In order to better understand how our visual system processes information, we must understand the underlying brain connectivity architecture, and how it can get reorganized under visual deprivation. The full extent to which visual development and visual loss affect connectivity is
not well known. To investigate the effect of the onset of blindness on structural connectivity both at the whole-brain voxel-wise level and at the level of all major whitematter tracts, we applied two complementary Diffusion-Tension Imaging (DTI) methods, TBSS and AFQ. Diffusion-weighted brain
images were collected from three groups of participants: congenitally blind (CB), acquired blind (AB), and fully sighted controls. The differences between these groups were evaluated on a voxel-wise scale with Tract-Based Spatial Statistics (TBSS) method, and on larger-scale with Automated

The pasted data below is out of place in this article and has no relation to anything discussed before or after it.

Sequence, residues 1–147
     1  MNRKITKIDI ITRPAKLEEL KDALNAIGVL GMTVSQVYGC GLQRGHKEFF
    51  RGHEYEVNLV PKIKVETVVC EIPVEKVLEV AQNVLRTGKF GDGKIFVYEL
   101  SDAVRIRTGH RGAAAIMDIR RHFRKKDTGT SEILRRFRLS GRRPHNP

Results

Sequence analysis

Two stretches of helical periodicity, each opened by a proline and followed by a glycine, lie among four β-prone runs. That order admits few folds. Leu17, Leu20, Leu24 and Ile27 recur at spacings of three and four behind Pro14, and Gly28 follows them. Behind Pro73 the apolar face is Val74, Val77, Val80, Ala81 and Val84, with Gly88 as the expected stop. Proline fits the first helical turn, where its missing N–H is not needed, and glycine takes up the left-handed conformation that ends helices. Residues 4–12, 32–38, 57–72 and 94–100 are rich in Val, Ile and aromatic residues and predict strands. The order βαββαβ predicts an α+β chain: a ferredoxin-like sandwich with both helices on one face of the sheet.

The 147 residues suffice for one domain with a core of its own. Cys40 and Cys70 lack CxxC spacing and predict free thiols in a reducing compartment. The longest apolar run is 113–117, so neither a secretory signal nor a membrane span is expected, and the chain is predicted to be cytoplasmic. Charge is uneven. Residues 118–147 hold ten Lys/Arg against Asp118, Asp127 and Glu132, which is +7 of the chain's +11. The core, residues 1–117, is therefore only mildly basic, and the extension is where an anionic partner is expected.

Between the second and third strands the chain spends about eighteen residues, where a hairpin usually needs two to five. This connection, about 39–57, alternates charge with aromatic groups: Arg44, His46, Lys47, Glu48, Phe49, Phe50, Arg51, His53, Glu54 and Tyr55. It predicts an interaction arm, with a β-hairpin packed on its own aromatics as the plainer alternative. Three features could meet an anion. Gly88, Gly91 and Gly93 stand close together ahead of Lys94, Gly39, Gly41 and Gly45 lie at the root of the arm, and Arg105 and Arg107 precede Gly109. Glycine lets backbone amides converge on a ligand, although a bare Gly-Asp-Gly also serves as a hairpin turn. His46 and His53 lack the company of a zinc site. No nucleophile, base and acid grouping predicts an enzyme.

Fiber Quantification (AFQ), a method that allows for between-group comparisons at the level of the major fiber tracts. TBSS revealed that both blind groups tended to have higher FA than sighted controls in the central structures of the brain. AFQ revealed that, where the three groups differed,
congenitally blind participants tended to be more similar to sighted controls than to those participants who had acquired blindness later in life. These differences were specifically manifested in the left uncinated fasciculus, the right corticospinal fasciculus, and the
left superior longitudinal fasciculus, areas broadly associated with a range of higher-level cognitive systems.